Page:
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but couldn't this type of lawsuit be utilized by others (Sosa, Clemens, Bagwell, Piazza, ...)
Jack Clark as Dada sports messenger.
We may have previously talked about this, but couldn't this type of lawsuit be utilized by others
We may have previously talked about this, but couldn't this type of lawsuit be utilized by others (Sosa, Clemens, Bagwell, Piazza, ...) since it seems evident that sportswriters' comments regarding them and PEDs have adversely affected their chances of getting into the Hall of Fame?
As I understand it, the plaintiff basically has to prove the statement is false, and then still generally needs to prove the defendant knew it was false, and acted maliciously.
Was going to ask the same thing...
If I were to call someone an ####### -- and then that someone sued me for slander.... is the burden on me to prove that person IS an #######, or, is the burden on the person I called an ####### to prove he's not?
Helton and Baylor both went ballistic and Helton threatened legal action against Hagin, although I don't think he went through with it, settling for an apology
Maybe he meant the actual kitchen appliance. Jack Clark as Dada sports messenger.
Right (the standard would be either knowing the statement was false or having a "reckless disregard for the truth," since Pujols is a public figure), but it seems to me there's enough here to survive a motion to dismiss, particularly given the definitive nature of Clark's statement. The truth/falsity (and malice of the defendant) would be a question for the jury to decide. The plaintiff's burden is admittedly difficult to meet.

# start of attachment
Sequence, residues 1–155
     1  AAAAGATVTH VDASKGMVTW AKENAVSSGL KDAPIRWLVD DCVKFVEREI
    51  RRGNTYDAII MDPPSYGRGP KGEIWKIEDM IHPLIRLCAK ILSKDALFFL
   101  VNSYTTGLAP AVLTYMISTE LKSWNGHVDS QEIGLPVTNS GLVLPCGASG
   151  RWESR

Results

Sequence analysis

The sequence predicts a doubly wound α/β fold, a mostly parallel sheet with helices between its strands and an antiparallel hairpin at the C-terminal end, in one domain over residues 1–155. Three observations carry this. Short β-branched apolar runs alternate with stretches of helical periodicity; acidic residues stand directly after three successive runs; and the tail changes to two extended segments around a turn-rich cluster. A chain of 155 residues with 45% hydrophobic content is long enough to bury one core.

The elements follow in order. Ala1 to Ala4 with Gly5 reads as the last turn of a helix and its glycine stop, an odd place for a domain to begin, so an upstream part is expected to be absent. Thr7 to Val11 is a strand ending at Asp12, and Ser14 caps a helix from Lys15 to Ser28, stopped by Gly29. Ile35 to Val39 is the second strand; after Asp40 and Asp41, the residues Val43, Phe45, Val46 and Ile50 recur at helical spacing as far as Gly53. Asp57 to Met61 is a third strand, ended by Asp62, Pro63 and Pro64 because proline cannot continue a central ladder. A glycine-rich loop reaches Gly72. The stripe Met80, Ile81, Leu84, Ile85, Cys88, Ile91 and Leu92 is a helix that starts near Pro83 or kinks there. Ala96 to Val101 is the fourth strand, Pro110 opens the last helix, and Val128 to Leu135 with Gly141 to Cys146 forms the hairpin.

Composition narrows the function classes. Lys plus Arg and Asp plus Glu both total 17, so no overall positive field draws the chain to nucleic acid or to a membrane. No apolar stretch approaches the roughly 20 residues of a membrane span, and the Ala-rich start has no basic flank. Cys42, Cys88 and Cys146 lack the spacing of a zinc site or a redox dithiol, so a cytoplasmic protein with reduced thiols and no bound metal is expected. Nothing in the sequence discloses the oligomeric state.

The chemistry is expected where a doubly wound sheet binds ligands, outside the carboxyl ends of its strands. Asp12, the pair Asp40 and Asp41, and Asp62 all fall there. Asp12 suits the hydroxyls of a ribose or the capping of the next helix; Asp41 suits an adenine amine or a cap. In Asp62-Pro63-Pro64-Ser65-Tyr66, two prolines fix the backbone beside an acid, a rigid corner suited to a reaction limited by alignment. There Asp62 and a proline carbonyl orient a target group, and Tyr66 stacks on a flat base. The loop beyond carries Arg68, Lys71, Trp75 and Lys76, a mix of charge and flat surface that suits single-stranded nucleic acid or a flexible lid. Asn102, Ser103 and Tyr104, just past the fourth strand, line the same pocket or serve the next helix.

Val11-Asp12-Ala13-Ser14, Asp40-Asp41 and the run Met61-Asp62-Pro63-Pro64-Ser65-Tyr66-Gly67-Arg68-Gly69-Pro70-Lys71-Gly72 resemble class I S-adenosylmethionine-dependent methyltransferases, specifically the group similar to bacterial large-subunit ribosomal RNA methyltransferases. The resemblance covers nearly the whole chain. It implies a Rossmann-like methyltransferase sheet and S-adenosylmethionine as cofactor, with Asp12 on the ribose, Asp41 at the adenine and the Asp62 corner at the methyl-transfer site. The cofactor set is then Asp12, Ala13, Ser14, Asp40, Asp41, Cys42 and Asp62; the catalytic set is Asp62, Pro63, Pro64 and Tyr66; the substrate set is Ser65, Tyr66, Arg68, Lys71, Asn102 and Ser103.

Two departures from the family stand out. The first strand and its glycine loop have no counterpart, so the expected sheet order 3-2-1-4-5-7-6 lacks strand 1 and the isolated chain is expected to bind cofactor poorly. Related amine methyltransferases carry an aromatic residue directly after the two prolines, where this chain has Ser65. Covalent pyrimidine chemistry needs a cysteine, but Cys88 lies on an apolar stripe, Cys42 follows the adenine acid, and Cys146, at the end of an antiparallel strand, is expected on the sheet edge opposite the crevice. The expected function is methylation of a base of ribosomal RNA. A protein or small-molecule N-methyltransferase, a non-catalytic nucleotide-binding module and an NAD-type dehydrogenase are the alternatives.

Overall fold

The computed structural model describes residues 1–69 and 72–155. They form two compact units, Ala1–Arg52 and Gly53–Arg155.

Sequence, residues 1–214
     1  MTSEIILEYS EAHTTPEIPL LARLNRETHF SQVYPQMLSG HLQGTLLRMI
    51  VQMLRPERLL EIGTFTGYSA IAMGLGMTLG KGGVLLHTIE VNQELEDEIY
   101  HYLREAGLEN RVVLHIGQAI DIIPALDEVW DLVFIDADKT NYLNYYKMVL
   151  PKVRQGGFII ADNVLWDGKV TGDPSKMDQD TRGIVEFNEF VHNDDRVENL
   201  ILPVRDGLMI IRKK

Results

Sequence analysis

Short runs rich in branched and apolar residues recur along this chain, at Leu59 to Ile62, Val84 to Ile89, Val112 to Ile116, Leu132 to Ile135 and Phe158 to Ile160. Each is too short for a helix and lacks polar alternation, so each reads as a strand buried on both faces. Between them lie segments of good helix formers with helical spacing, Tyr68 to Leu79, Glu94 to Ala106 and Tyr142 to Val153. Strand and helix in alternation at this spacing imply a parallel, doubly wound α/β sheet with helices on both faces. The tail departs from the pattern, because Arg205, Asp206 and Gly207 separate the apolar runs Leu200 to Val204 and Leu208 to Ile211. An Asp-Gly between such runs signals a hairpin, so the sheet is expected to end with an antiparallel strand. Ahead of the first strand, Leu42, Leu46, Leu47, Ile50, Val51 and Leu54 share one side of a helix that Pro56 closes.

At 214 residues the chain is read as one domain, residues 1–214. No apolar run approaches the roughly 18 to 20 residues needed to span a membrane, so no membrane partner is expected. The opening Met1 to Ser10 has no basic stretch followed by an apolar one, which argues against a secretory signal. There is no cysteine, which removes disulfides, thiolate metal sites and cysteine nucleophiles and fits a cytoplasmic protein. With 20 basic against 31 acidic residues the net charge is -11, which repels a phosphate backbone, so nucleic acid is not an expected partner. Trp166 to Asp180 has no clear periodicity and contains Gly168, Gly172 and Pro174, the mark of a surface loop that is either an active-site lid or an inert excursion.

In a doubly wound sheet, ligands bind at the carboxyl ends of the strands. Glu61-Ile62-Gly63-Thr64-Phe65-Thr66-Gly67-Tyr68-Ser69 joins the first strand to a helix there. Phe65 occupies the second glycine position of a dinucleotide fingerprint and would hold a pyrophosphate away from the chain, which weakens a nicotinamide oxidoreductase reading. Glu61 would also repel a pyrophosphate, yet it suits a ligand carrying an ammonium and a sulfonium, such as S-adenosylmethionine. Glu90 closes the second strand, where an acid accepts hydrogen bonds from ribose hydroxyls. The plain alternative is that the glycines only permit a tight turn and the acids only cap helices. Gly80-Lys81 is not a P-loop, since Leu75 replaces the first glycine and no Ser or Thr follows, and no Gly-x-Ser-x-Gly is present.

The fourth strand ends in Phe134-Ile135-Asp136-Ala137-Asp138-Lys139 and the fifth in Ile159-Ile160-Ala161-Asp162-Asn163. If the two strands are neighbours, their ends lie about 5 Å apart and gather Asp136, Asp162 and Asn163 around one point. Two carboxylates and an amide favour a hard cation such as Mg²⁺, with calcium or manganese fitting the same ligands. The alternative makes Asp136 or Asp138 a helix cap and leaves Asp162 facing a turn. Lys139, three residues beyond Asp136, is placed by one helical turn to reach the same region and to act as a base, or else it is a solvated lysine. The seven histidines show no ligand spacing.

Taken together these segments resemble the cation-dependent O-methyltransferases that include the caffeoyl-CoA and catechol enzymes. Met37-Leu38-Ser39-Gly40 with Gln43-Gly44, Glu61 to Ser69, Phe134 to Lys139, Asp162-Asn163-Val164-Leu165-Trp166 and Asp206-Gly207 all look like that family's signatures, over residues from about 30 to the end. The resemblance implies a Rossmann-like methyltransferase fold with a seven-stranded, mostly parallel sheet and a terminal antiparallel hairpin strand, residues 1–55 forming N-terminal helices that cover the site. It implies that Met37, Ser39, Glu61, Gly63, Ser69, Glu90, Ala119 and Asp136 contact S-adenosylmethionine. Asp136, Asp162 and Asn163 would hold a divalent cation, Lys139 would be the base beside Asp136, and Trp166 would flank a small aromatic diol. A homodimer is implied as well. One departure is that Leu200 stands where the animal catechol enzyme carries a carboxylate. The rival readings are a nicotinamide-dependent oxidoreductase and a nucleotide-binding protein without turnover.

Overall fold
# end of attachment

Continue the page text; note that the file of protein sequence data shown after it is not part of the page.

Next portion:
Clark, who began working as a sports-radio talk show host at WGNU-AM in St. Louis in early August, said he based his accusations on conversations he had with Chris Mehlfeld, Pujols’ former personal trainer who worked with the Dodgers when Clark was the team’s hitting coach in 2000.
When on-air partner Kevin Slaten said he long believed Pujols “has been a juicer,” Clark jumped in with his own take.
“I know for a fact he was,” Clark said. “The trainer that worked with him, threw him batting practice from Kansas City, that worked him out every day, basically told me that’s what he did.”
“I had asked him about conditioning and working me out, what he would do for me, and he asked me whether I had ever thought of taking some steroids,” Clark said. “... He just told me that he wanted me to get started on steroids and he had some other guys that were doing it. He told me that’s how he’s conditioning this guy that he met out of high school and college and he looked like he was going to be a star, keep an eye on him.’’
Clark said he was looking for a nutrition program, not steroids.
“He told me, ‘Well you couldn’t do what I do with Albert Pujols, he’s on this real strenuous workout deal.’ I said, ‘I wouldn’t want to try to do that.’ Every day he kind of came to me and says, ‘you ready to do it? I’m ready to do it.’ I said, ‘Well I’m just not a needle guy, I’ve had enough surgeries and injuries over the years. I don’t like needles ... I’m not going to do that ... I’m not a player anymore.
“He had told me he had done that with Pujols, with steroids, and I really never thought too much about it because steroids were really not on my radar screen at that time.”
On Monday, Clark reiterated his allegations on the air.
Mihlfeld “had told me what he was doing with ‘Poolie” and used the term “shot him up” again.
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